Another Chinese New Year in the mainland! Larger cities like Shenzhen and Guangzhou are absolutely deserted because everyone's gone back to their home villages for the holiday. Shops and restaurants are closed and the streets are empty except for lonely tumbleweeds comprised of used toothpicks, feathers, and chicken bones, and packs of wolves stalking the feral cat population. So we headed to Si Hui, which was pure madness last year, and which didn't disappoint this one - fireworks, food vendors, throngs of people in the streets... a big party.
Also in Si Hui, we found this - a lawn farm:
If you've ever wondered where the turf on your front lawn comes from, there's a possibility it came from the excellent little town of Si Hui! Probably not, but you never know...
But our stop in Si Hui was brief, and we caught an overnight train up to Changsha in Hunan Province. On the train, first tea:
Then beer (drinking it in our sleeper car, as we were boycotting the restaurant car after a nasty altercation with the waitress - which we won, of course. Or rather, Cecilie did.):
It was such a good trip, in fact, that much of it is a complete blur to me. For example, I woke up the morning after CNY to find my shoes filled with dried sweet potatoes. Not exactly sure what happened there:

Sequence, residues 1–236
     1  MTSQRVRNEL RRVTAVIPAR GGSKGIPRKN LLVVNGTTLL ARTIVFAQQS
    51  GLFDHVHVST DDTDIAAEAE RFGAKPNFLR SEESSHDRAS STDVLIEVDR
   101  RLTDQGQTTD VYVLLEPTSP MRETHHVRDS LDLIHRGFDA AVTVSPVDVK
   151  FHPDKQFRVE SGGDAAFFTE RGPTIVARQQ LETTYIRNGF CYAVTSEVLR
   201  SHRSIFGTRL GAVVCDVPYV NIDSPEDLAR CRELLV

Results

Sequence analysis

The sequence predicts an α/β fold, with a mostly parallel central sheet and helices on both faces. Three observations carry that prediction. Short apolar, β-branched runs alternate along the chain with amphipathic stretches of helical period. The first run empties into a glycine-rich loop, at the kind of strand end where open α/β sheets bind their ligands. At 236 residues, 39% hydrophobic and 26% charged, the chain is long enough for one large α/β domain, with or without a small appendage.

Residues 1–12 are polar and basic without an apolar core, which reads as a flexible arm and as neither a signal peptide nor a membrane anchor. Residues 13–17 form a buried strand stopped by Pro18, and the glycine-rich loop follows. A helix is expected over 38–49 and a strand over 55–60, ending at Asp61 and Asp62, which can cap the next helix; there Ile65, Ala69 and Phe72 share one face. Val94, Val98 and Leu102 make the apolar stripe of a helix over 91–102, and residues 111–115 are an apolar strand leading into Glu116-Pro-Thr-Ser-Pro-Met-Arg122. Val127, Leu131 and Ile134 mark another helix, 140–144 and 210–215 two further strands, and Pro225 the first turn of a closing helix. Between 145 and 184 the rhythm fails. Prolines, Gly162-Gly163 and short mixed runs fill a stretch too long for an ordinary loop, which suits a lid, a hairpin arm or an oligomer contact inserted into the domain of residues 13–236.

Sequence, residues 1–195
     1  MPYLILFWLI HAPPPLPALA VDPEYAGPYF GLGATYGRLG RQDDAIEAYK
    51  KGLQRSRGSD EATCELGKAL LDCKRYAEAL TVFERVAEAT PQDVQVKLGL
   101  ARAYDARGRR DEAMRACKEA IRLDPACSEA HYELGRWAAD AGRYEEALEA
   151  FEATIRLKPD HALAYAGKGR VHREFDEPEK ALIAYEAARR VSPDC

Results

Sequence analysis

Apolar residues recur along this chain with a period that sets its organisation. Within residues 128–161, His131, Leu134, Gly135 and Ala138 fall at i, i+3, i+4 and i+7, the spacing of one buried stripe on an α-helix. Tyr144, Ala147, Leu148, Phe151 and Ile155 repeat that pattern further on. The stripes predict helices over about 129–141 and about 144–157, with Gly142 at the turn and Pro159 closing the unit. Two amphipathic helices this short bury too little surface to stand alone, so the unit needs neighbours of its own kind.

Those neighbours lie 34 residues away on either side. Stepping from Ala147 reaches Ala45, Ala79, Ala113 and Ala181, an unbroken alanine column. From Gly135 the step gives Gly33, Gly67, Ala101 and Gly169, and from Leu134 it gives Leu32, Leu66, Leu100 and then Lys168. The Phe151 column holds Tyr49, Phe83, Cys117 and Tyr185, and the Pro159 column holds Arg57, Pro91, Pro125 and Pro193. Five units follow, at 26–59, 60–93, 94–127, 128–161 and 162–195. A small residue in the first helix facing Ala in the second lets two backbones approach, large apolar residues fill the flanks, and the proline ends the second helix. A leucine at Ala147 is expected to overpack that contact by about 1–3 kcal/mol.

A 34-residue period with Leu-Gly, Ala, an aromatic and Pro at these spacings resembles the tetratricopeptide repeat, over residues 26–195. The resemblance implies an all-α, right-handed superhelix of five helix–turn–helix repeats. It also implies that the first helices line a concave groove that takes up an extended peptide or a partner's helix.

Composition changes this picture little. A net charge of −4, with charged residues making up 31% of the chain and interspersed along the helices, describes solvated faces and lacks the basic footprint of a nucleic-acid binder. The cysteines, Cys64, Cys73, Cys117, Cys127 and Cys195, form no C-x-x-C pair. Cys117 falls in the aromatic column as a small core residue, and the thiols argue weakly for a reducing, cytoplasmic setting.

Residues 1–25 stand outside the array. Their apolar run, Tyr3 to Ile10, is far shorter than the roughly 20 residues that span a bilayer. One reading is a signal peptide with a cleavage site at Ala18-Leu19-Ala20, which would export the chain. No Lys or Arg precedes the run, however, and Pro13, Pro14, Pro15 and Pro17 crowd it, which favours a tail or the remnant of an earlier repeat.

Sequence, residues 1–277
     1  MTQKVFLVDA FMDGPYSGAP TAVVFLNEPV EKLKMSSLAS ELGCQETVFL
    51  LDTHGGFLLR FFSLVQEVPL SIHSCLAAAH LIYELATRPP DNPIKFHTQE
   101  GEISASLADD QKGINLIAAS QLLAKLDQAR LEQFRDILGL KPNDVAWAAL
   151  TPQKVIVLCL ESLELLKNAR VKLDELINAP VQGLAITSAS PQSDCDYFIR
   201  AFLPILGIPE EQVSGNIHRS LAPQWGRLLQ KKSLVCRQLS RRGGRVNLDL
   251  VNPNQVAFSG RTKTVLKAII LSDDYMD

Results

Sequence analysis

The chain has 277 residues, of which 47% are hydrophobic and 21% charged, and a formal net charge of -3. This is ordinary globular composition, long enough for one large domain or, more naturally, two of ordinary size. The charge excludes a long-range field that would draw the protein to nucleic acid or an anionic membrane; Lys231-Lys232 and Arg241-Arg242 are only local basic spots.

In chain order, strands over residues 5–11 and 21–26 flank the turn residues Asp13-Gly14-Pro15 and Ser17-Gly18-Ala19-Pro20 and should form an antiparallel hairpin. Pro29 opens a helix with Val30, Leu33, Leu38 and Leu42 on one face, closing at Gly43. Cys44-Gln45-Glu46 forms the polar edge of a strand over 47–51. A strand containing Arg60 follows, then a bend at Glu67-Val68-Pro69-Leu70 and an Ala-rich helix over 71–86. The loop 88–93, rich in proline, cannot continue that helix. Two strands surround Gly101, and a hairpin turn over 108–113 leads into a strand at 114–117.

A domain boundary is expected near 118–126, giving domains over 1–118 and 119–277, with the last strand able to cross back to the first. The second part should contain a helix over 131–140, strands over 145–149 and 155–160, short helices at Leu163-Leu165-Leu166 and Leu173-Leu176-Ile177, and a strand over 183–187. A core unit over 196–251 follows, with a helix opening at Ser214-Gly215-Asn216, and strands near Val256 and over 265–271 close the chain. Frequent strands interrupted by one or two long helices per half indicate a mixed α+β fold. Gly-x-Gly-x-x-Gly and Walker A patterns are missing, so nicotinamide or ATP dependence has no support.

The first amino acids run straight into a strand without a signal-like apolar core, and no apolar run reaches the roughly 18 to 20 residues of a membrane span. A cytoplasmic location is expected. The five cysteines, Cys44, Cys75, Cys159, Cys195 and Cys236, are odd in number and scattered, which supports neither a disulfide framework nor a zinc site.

Yes, we drank many beers and made many new friends. Cards in the alley with old guys:
And two guys that were my very best friends one night. I don't remember their names:
These guys were my best friends some other night. I don't remember their names either:
Yes, Hunan was definitely the place to be. From the naked woman starting a fire on the street, to being preceded by children yelling "Foreigners are coming! Foreigners are coming!" to having our photo taken at every opportunity:
We were rock stars. Dear god, I love being stared at. Is that wrong?
From Changsha we caught a train to Chenzhou. The very communist-looking train station there:
And me waiting among the throngs of people to get a train ticket:
Urban exploration is good fun. (Until you surprise a man having a huge bowel movement in an abandoned building. But I'm sure it was more traumatizing for him than it was for me. I suspect that he'll be plagued by lifelong constipation - unable to shake the idea that a strange gweilo is about to pop up from nowhere and interrupt him.) In Changsha we traipsed around some beautiful abandoned factories, construction sites, and train tracks:
And did some filming for another upcoming masterpiece from the Happy Jellyfish People's Democratic Language Bureau:
And spent some time at the local police station (long story), where the officers gave us cookies, offered to share their dinner, and watched fireworks with us outside the station. Yes, those Red Police are just terrifying*:
And a few bonus photos from the trip - a chicken claw that waved to me from the ground in Si Hui:
A man selling cotton candy from his bicycle:
A man selling slices of the biggest fruitcake I've ever seen, also from his bike:
And lastly, the wonderful, ubiquitous signage:
Happy Year of the Rabbit!
* Of course, they're not demolishing my homestead of 60 years because the government has decided to build a new 20-lane highway. I imagine they can be a bit off-putting then.